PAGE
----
6. Doug, I am not confident that a low PH marinade is sufficient to handle E Coli which is the pathogen of greatest concern (I think?) when dealing with beef. I read a study (wish I had kept a reference) a few months back when I was researching claims about white vinegar being a good kitchen disinfectant. I found a study (from someone at an agriculture college in the South) in which they found that spraying cutting boards and sinks with vinegar was quite effective in disinfecting salmonella but was quite ineffective in disinfecting e coli. Anyway, you might want to look into this.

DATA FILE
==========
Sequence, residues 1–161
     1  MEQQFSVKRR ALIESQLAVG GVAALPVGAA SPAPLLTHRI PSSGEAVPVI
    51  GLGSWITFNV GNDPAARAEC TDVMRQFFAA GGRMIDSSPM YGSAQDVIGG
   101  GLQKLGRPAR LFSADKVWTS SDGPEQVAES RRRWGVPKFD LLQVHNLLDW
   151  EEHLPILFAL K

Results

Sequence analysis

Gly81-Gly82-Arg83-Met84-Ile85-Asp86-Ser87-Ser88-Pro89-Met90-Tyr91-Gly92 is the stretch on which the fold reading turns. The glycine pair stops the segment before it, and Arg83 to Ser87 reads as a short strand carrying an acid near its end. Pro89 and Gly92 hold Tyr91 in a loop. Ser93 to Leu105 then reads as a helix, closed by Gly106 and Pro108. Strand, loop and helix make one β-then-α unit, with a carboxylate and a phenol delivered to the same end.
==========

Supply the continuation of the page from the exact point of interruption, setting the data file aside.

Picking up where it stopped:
7. Heston Blumenthal's "perfect steak" recipe (which I have wanted to do) is a non-sous-vide technique where you torch the a prime rib briefly (just enough to sterilize it AND start a little browning) then cook it for 22 hours in an oven at a very low temp so that the inner temp only gets to 122F. The reason for doing this is -- as I understand it -- that there are particular enzymes that breakdown the meat in a very particular way and that these enzymes are denatured at temps around 120F. Since Blumenthal knows his stuff and swears by this method, I would have to guess that the result are scrumptious. Here, the slow cooking isn't to render tough meat tender but to get a particular kind of tenderness and maximum juiciness. I contemplated doing a sous-vide approximation until I read an interview with Harold McGee where he mentioned that he was blown away by how the browning that started with minimal torching developed even when cooking was done well below temps at which you would expect any such development to occur. I have read quite a few blogs where people executed the recipe and universally people rave about it -- and since they all rave about how juicy the result is -- I don't think you need to put the meat in a roasting bag. That might even have a negative impact on the texture of the outer layer. A little bit of surface evaporation is going to help the crust development and browning in the final stage. In the same way that beef benefits from a bit of dry aging. Anyway, that's my take.